So what’s right here? Should we categorize based on self-identification, participation, or belief? Well, I think it depends. Each of these things can be important depending on what your question actually is, and it’s important to know how surveyors or study authors addressed these issues before drawing any conclusions. It’s also probably important to remember that the distinctions drawn in US surveys are simply reflective of the US population. Muslims aren’t lumped together because Islam is a monolith, but rather because it would be hard to get a meaningful sample size of Sunni vs Shia in the US. If the population of the US shifts, we may see different groups highlighted.

If you know of any other interesting ways of breaking down religions, please let me know! Categorizing belief systems is an interesting challenge, and I like seeing how people address it.

5 Things About Crime Statistics

Commenter Bluecat57 passed along an article a few weeks ago about the nightclub shooting in Thousand Oaks, California. Prior to the tragedy, Thousand Oaks had been rated the third safest city in the US, and it quickly lost that designation after the shooting. He raised the issue of crime statistics and how a city could be deemed “safe”. This seemed like a decent question to look in to, so I thought I’d round up a few interesting debates that crime statistics have turned up over the years.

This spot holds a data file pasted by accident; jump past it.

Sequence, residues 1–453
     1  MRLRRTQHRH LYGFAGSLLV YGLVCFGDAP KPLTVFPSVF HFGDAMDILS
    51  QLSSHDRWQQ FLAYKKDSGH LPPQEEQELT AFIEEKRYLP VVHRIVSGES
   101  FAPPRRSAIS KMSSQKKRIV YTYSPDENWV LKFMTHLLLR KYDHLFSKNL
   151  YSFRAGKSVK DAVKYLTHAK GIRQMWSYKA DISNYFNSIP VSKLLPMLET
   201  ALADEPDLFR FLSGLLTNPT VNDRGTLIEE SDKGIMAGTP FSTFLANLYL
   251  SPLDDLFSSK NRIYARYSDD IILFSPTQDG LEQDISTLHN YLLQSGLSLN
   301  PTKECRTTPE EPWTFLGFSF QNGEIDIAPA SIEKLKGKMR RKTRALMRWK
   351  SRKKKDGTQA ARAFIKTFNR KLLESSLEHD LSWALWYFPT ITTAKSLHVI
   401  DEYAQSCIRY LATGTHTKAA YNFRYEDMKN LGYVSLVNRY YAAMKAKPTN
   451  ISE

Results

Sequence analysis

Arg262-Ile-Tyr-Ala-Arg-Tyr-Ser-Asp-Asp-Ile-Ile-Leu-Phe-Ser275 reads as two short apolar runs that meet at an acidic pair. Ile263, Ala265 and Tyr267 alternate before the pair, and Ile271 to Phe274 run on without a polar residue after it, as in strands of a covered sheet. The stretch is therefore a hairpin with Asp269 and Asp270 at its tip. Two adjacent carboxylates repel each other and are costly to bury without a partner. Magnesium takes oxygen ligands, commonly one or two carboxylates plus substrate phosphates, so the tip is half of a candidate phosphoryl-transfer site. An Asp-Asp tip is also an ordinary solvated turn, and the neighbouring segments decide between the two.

Ready? Here we go!

  1. There’s no national definition for some crimes In this age of hyperconnectedness, we tend to all assume that having cities report crime is a lot like reporting your taxes or something. Unfortunately, that’s not the case. Participation in most national crime databases is voluntary, and every jurisdiction has their own way of counting things. For example, 538 reported that in New York City, people who were hit by glass from a gunshot weren’t counted as victims of a shooting, but other jurisdictions do count them as such. Thus, any city that reports those as shootings will always look like they have a higher rate of crime than those that don’t.
  2. Data is self-reported by cities and states Self reporting of anything can be known to influence the rates, and crime is no exception. One doesn’t have to look hard to find stories of cities changing how they classify crimes in response to public pressure. Even when everyone’s trying to be honest though, self-reports can be prone to typos and other issues. That’s why earlier this year NPR found that national school shooting numbers appear to have been skewed upward by reporting mistakes made by districts in Cleveland and California. One way of catching these issues is to ask people themselves how often they’ve been victimized and to compare it to the official reported statistics, but this can lead to other problems….